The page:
SEBRING At least for the most part, the Facebook page “Mother’s Moments” doesn’t generate a lot of controversy.
There was the time when the founder of the page got in trouble for posting a picture of a baby in diapers. Facebook claimed that was nudity, said Tonie King-Smith, the founder from South Carolina.
More often, though, postings can be as benign as: “**Fan Question**
Does any mommies know how to make King Ranch Casserole? I need a recipe since I wanna make a small batch of it tonight.”
Heather Hamman, a resident of Sebring who is an administrator for the page that has more than 18,000 fans, said it was created to provide a place where mothers could freely communicate with each other and get advice. Even some fathers seek help, she said.
But, she said, people do talk about more than just parenting concerns.
The latest point of contention was a comment from one person that read: “It’s really bugging me how all I see on my news feed is all about that ‘Buck Wild’ kid (apparently referring to Shain Gandee, an actor with Buck Wild, who died from carbon monoxide poisoning, according to news reports). Yes, it is a very sad thing he died so young and I pray for his family. But soldiers die every day and they don’t get the recognition they deserve. That’s just my opinion anyhow.”
Hamman said that once another admin posted that, she and Tonie King-Smith and another person involved in managing the site all got banned from Facebook and were told that the posting violated Facebook’s community standards.
Both King-Smith, who was banned for 30 days and Hamman, who was banned for 24 hours, say they fail to understand why that comment which essentially expresses a belief that the death of a soldier is as at least as important as a celebrity violates the community standards.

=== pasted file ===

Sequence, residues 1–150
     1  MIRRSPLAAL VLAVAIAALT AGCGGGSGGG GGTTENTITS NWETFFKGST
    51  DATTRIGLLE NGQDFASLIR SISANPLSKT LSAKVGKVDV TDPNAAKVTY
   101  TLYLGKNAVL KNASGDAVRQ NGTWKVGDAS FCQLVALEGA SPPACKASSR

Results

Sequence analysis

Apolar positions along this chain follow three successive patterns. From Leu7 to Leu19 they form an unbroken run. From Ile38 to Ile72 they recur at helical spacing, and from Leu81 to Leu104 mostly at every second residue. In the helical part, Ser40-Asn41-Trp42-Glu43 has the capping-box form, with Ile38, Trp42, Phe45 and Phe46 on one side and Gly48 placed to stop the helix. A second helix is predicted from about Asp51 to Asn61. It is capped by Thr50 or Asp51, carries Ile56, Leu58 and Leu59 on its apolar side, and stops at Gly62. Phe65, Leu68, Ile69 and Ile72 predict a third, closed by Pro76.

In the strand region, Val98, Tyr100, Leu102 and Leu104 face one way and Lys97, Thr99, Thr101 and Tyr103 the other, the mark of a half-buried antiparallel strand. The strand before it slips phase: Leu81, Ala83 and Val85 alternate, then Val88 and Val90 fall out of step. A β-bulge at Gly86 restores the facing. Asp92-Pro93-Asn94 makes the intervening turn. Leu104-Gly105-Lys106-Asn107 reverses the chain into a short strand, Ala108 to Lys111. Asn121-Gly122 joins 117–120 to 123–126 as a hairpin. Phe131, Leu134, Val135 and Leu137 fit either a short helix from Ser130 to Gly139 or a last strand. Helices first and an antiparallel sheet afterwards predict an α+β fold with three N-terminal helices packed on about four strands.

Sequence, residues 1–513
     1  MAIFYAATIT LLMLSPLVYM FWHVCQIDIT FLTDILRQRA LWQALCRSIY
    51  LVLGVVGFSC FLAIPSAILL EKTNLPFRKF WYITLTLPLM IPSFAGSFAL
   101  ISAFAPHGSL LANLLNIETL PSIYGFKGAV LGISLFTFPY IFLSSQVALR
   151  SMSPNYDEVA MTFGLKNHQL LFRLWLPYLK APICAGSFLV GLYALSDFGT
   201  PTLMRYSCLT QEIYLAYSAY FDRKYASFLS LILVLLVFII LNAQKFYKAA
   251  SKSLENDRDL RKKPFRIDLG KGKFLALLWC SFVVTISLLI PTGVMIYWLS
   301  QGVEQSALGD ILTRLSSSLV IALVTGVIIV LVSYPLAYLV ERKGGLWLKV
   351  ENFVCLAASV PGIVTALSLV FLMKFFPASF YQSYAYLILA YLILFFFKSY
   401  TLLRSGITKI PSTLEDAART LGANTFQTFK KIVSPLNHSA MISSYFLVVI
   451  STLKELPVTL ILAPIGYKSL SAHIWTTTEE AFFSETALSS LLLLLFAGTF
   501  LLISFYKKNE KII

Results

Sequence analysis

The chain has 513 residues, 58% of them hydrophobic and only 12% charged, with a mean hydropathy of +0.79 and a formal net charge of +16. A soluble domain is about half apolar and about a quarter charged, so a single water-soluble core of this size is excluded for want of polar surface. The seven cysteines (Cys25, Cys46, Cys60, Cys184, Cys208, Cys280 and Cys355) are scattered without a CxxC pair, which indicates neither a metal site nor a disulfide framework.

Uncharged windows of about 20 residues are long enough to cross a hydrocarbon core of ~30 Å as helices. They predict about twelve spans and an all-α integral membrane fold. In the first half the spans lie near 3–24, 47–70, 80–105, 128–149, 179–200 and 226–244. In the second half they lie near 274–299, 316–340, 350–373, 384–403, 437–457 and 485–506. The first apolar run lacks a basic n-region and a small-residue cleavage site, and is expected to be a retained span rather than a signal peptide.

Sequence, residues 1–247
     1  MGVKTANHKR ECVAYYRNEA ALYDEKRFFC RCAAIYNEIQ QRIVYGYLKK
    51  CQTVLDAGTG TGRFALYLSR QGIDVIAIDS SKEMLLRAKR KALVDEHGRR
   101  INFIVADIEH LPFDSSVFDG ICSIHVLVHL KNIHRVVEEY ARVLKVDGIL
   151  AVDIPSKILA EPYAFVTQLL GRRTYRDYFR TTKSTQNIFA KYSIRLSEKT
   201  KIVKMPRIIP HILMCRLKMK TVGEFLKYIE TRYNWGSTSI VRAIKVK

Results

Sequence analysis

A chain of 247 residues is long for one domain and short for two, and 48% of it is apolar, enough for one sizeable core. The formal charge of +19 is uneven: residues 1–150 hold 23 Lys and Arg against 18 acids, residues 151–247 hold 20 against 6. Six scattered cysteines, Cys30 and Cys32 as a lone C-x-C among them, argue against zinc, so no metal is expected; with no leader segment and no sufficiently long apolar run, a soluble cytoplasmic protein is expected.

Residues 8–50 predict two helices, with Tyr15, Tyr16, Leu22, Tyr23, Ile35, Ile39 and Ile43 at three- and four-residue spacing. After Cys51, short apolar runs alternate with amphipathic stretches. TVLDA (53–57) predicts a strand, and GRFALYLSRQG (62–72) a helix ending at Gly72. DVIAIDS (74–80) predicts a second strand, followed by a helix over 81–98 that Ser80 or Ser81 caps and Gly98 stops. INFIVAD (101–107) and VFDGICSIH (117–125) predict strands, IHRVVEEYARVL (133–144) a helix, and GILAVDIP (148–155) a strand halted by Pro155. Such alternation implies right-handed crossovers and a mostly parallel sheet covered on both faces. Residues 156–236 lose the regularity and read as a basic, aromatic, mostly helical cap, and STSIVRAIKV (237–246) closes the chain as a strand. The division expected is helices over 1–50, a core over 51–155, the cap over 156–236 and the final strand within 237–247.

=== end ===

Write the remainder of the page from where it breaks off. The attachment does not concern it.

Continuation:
They say it doesn’t represent self-harm comments, bullying, is not graphic and doesn’t violate anyone’s privacy or intellectual property rights.
Hamman said she didn’t find out about her ban until later because she wasn’t on the site at the time another “admin” posted it. Ironically that person didn’t get banned, she said.
She said she’s been involved in some way with the page since 2011 when it showed up on her newsfeed.
Hamman said she volunteered to be an admin.
She and others have protested the bans, but have received no response from Facebook, they said. Facebook did not respond to a request from Highlands Today for comment as of press time.
Freedom of speech is partly what the page is about, King-Smith said. She wants women “to not feel stupid about asking questions,” she said.
Mother’s Moments discourages people from attacking other people’s comments and has removed people who do that. She said one topic they do ban is abortion because in the past when they’ve allowed discussion, the conversation has denigrated.
“I want an apology,” King-Smith said, about being banned for 30 days.